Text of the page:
A claimant is disabled for purposes of the Social Security Act if: (1) the claimant has a "medically determinable physical or mental impairment which can be expected to result in death or which has lasted or can be expected to last for a continuous period of not less than twelve months, " and (2) the impairment or impairments are of such severity that, considering the claimant's age, education, and work experience, the claimant is not only unable to perform previous work, but also cannot "engage in any other kind of substantial gainful work which exists in the national economy." Schneider v. Commr. of Soc. Sec. Admin., 223 F.3d 968, 974 (9th Cir. 2000) ( citing 42 U.S.C. §1382(a)(3)(A)-(B)).
In determining whether a claimant is disabled, the Commissioner follows a five-step sequential evaluation process. Corrao v. Shalala, 20 F.3d 943, 946 (9th Cir. 1994) ( citing 42 U.S.C. § 1382C(a)(3)). If the Commissioner finds that a claimant is disabled or not disabled at any step in this process, the review process is terminated. Id. at 946.
At step one, the claimant must show he is not currently engaged in substantial gainful activity.
At step two, the claimant must show he has a severe impairment.
At step three, the ALJ must determine whether a claimant's impairment meets or equals the criteria of the Listing of Impairments.
Step four provides that if the claimant does not have a listed impairment, then the claimant must establish a prima facie case of disability by showing an inability to engage in past work because of the medical impairments.
If that case is made, at step five the burden shifts to the Commissioner to prove that the claimant can engage in other types of substantial gainful work existing in the national economy given the claimant's age, education, work experience and residual functional capacity.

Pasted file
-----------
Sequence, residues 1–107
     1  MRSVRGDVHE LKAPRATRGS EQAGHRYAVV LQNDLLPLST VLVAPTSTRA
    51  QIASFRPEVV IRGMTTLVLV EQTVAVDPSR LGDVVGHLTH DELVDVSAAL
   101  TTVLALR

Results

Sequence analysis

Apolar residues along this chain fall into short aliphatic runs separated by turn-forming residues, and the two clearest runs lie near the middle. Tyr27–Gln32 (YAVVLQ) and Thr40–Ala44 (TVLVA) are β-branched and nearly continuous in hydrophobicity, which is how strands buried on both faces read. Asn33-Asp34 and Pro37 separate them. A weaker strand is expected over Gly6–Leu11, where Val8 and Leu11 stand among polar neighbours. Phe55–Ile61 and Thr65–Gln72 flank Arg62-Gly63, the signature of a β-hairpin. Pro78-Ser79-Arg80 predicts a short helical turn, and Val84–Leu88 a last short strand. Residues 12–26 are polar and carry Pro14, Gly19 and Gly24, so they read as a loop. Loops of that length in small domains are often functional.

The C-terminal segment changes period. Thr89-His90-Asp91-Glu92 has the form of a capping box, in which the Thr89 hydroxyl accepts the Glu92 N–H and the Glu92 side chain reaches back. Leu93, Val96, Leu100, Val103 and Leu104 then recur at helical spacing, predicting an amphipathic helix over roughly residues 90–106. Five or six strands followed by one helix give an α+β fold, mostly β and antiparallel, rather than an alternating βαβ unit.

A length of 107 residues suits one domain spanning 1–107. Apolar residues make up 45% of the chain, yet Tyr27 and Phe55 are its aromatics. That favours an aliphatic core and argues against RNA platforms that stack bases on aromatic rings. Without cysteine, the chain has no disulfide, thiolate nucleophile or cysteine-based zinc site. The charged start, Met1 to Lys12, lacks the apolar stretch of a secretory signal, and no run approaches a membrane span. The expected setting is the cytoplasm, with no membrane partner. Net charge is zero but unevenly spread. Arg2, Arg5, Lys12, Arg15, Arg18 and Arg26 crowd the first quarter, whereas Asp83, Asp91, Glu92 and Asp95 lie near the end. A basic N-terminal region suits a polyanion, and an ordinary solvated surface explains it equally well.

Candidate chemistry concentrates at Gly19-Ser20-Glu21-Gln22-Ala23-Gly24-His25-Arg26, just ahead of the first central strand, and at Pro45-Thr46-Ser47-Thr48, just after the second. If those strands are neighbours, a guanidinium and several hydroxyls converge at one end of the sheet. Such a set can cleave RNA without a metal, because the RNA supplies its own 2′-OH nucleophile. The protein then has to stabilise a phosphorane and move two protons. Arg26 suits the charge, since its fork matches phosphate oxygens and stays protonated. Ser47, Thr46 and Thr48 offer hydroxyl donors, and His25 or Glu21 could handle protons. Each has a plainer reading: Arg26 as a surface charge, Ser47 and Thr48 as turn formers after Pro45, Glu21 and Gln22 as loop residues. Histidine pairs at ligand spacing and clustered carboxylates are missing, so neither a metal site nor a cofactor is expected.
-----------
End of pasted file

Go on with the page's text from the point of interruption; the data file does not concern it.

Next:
Jones, 760 F.2d at 995.
V. Factual Allegations
At step one, the ALJ found that Mr. Lake had not engaged in substantial gainful activity since his alleged disability onset date. Tr. 15.
At step two, the ALJ found that Mr. Lake had one severe impairment: status post back surgery. Tr. 15. The ALJ concluded that Mr. Lake's other medical issue, carpal tunnel syndrome of his left hand, was not a severe impairment. Tr. 15-16.
At step three, the ALJ found that Mr. Lake's condition failed to satisfy the criteria of the Listing of Impairments. Tr. 16. The ALJ stated that there was no evidence of nerve root compression, spinal arachnoiditis, or lumbar spinal stenosis. Tr. 16.
At step four, the ALJ found that Mr. Lake is capable to perform his past relevant work as a cashier, short-order cook, truck driver, water route truck driver, housekeeper, bartender, or deli clerk. Tr. 20.
At step five, the ALJ found that Mr. Lake has the residual functional capacity to perform medium work, as defined by 20 C.F.R. 404.1567(c) and 416.967(c). Tr. 16. The ALJ found that other jobs exist in the national economy that Mr. Lake can perform. Tr. 21. The ALJ concluded that Mr. Lake is not disabled within the meaning of the Social Security Act. Tr. 21.